The 10 Commandments of Video Calls

Video calls – If you work from home then you won’t be able to avoid them, if you work (anywhere) you probably won’t be able to avoid them for much longer. We all have to get our head round how to make effective video calls.

Chris Lee has written his top 10 tips when it comes to making video calls. Chris is studying for a BA in Music, and spends what little spare time he has musing about everything from philosophy, to economics, to developments in technology. This post was inspired by a recent, awkward Google+ Hangouts conversation, and the subsequent thoughts about how to get the most out of video conversations. He maintains a blog (somewhat sporadically) at —(p)latitudes.


With the recent advent of Skype, Google+ Hangouts, and business video conferencing¸ the way we communicate with friends, family, and even business partners around the world is changing. Though highly beneficial mediums (no travel expenses, access to local resources, ability to include others in the conversation, and so on), they can take a bit of getting used to for the inexperienced user.

I’ve drafted up “10 Commandments of video calls”, which will hopefully lead to a smooth video call, regardless of the context. Disclaimer: Given the modern subject matter, I’ve dispensed with the ‘thou shalts’ and ‘thou shalt nots’: apologies if this makes the commandments seem less authentic!

1. Give your equipment a test-run before the conference

There’s nothing worse than getting caught off-guard by technology and software you’re not familiar with, or by a connectivity problem. To make sure this doesn’t happen, have a practice run in which you can get used to setting up and using your microphone, monitor, and headsets, and ensure you check all devices are connected and that the internet connection is working correctly before starting the call.

It can sometimes seem more complicated than it is!

2. Dress appropriately for the occasion

If you’re preparing for a business based video conference, the expectation of what you should wear will probably be similar to a face-to-face business meeting. This means smart, clean business attire. Creases still show up over webcam! If you’re preparing for a more casual call with friends or family, your options are less restrictive, although remembers it’s unlikely anyone wants to see you in just your underwear!

3. Try to sit still

A webcam will amplify movement and sound made by participants on both ends and lag in the video stream may cause the screen to freeze. The best way to avoid becoming a messy blur is to remain as still as possible during the call, and ensure the lighting is optimal.

4. Optimise the lighting and environment

Talking to an ill-defined shape is less appealing than talking with the well-defined visage of a friend / family member / business contact. Ensuring the lighting is correct will prevent the former, and will improve the quality of the whole conversation. Some good tips to achieve optimal lighting include not having a window or bright light in shot, and not having your face lit from below (unless you want to look like a character from a horror film).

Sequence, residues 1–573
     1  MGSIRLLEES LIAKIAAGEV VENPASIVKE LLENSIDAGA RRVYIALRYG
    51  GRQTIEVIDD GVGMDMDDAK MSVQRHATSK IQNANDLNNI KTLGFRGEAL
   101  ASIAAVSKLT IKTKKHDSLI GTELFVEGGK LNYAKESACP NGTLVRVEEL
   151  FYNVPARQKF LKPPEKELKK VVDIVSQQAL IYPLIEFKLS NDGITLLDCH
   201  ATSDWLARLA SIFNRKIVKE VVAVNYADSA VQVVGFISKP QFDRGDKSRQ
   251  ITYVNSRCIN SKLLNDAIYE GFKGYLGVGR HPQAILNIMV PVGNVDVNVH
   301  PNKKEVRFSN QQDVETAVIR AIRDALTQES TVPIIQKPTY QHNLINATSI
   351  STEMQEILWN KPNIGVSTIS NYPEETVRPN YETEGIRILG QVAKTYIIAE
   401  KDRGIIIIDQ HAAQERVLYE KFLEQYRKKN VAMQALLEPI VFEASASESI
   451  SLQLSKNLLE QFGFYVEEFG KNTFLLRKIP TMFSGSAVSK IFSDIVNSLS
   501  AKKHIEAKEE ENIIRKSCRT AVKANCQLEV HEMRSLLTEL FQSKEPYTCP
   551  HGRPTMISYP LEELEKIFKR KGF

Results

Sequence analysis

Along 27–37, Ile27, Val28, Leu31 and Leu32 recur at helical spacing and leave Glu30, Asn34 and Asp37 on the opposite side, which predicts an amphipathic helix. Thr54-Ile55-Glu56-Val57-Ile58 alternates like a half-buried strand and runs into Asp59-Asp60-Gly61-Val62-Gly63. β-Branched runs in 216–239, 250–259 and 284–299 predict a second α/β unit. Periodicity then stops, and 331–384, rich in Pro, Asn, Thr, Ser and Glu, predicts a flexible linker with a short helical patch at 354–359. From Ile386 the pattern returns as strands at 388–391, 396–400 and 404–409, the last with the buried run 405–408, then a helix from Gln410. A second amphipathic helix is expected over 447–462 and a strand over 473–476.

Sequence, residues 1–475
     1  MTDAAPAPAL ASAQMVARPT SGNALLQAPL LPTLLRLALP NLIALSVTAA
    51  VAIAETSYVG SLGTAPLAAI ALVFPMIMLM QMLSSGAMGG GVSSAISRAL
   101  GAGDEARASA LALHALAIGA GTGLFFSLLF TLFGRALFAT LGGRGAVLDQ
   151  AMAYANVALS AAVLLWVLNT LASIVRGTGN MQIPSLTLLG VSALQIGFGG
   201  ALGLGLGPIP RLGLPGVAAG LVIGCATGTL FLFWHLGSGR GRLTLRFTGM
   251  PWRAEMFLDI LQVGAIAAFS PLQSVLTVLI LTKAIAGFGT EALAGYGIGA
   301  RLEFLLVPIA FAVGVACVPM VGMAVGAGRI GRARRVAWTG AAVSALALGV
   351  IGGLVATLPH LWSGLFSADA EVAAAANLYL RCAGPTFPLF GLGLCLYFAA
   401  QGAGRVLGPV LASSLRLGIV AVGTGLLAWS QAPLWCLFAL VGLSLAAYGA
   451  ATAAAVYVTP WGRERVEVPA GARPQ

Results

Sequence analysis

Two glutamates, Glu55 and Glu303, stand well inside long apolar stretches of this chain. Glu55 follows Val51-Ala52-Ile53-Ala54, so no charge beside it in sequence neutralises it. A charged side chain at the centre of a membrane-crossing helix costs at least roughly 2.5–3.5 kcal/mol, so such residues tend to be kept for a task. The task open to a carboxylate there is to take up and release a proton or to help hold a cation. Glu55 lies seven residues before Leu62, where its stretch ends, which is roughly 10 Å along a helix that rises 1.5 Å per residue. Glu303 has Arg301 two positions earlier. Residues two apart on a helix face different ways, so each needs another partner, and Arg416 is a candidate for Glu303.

5. Speak clearly!

Bandwidth discrepancies between participants may create a delay in video and audio on one or both sides of the conversation; allow for this when waiting for a response. If you don’t receive a response straight away it’s more likely that a short delay is occurring somewhere in the connection than your remark has been ignored.

6. Keep it short and sweet

As with a face-to-face conversation, long sessions without a break can grow boring and it’s likely that participants on both sides will become distracted. Regular breaks and a conversation that’s as short and focused as possible are a great way to avoid this pitfall. A good way to gauge this is how frequently awkward silences occur (and how awkward they are).

Keep an eye on the time!

7. Position yourself well

Sitting around three feet from the webcam portrays a feeling of interest on your part, while also maintaining the sense of personal space (still a factor to consider despite the fact participants may be hundreds or even thousands of miles from each other!) While your friends and family may be more interested in your appearance than business partners, a close up view of your face filling up their screen may be off-putting.

8. Maintain eye contact

As has been mentioned previously, rules of face-to-face conversation still apply; keep eye contact during the conversation. This means looking at the webcam rather than the monitor image, and while this may feel unusual at first, you will become accustomed to it quickly.

9. Increase font size for on-screen conversation

Any on-screen text used to compliment the video conversation should be of an appropriate font size to avoid tiring the eyes of the reader.

10. Check comprehension during the conversation

Make sure everyone is following the conversation while it is in progress. Video calling technology is not yet a perfect system and sometimes bugs in the call can cause participants to miss part of what has been said. Answer questions and address any concerns that may arise in order to avoid this causing problems.